Opening her fan, Adorna moved it slowly before her face. The branches on the willow that grew beside the wall were swaying, yet no breeze ruffled any of the other trees. Pitching her voice a little louder than her normal, husky tone, she said, “Celeste speaks French well, I believe.”
Milford almost smiled. “Her mother was French.”
“Our cook,” Throckmorton supplied. “A master of sauces, and a way with fish that has never been matched. Even after six years, we miss her.”
Milford’s dignity grew to combat the dangerous weakness the mention of his wife invoked. “Aye, sir.”
“At any rate, Milford,” Adorna said, “a woman with Celeste's gifts will make an admirable addition to the Distinguished Academy of Governesses.”
“She’s a scatter-brain,” her father said flatly.
The willow rustled violently.
Eyes narrowed, Throckmorton glanced behind him. Rising, he strolled around to lean against a low-hanging branch.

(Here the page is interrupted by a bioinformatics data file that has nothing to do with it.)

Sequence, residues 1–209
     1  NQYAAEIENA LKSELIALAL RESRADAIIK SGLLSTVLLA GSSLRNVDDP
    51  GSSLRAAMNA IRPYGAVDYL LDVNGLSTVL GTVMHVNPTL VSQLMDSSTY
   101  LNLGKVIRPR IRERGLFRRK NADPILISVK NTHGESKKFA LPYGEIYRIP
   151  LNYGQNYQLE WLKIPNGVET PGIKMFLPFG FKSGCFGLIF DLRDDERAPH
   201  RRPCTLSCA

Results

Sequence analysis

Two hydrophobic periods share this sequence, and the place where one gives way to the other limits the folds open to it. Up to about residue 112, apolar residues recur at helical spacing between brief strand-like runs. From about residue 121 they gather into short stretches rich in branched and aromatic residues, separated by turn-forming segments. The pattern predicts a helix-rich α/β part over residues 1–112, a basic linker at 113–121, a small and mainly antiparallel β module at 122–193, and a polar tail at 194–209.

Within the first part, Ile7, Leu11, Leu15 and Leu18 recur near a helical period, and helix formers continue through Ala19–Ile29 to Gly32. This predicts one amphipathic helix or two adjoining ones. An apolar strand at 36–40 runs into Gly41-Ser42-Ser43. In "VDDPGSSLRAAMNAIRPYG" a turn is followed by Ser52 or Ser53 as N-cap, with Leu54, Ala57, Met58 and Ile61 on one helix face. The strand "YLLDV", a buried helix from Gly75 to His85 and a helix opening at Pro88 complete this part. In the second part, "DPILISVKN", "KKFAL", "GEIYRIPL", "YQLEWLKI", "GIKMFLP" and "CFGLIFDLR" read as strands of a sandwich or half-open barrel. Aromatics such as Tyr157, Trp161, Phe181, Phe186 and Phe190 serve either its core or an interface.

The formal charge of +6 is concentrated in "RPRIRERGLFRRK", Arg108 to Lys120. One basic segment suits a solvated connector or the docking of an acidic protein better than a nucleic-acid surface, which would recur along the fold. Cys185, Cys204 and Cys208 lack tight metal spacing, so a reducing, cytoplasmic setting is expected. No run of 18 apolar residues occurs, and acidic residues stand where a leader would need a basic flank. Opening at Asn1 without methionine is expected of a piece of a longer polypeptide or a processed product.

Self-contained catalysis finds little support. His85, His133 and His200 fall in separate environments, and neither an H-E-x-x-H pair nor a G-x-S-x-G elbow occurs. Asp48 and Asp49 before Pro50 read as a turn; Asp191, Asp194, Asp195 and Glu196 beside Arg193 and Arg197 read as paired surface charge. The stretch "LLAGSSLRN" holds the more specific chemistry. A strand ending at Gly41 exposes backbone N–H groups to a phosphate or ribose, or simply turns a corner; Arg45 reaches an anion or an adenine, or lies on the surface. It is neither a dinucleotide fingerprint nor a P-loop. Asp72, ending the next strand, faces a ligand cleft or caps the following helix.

“Most girls are at seventeen.” Adorna mused that Celeste would, with a little coaching, add luster to the reputation of the Distinguished Academy of Governesses. “When I am done with Celeste,” Adorna said, “she will be polished, independent, and a force to be reckoned with.”
Milford looked to Throckmorton.
Throckmorton gave him a small nod, reassuring the anxious father.
Milford sighed heavily and displayed the wisdom that allowed him to take charge of dozens of undergardeners and acres of flowers with such success. “Very well. I’ll miss her sore, but if she stays, she’s going to get in trouble. So, my lady, take her.”
The willow swayed.
Eyebrows lowered in a fierce and violent fury, Throckmorton shook the tree.
The girl, Celeste, tumbled downwards in a silent confusion of faded skirts and lop-sided blonde braids.
Throckmorton caught at her, breaking her fall.
But she landed hard in the flowerbed, mashing columbine and yellow alyssum. Her petticoats flew up to reveal black woolen stockings tied with a string around the knee. She gasped painfully as her breath left her.
Throckmorton looked thunderstruck. “Celeste!”
So he hadn’t known who was up there, Adorna realized, only that someone was spying on them, and he had reacted with rage and determination. Fascinating. Milford didn’t appear surprised to see his daughter. He only shook his head mournfully. “Scatter-brain.”
Celeste looked up at Throckmorton and with all the passion of her youthful fury, she said, “I won’t go. I won’t be polished, and independent, and a force to be reckoned with. You can’t make me.”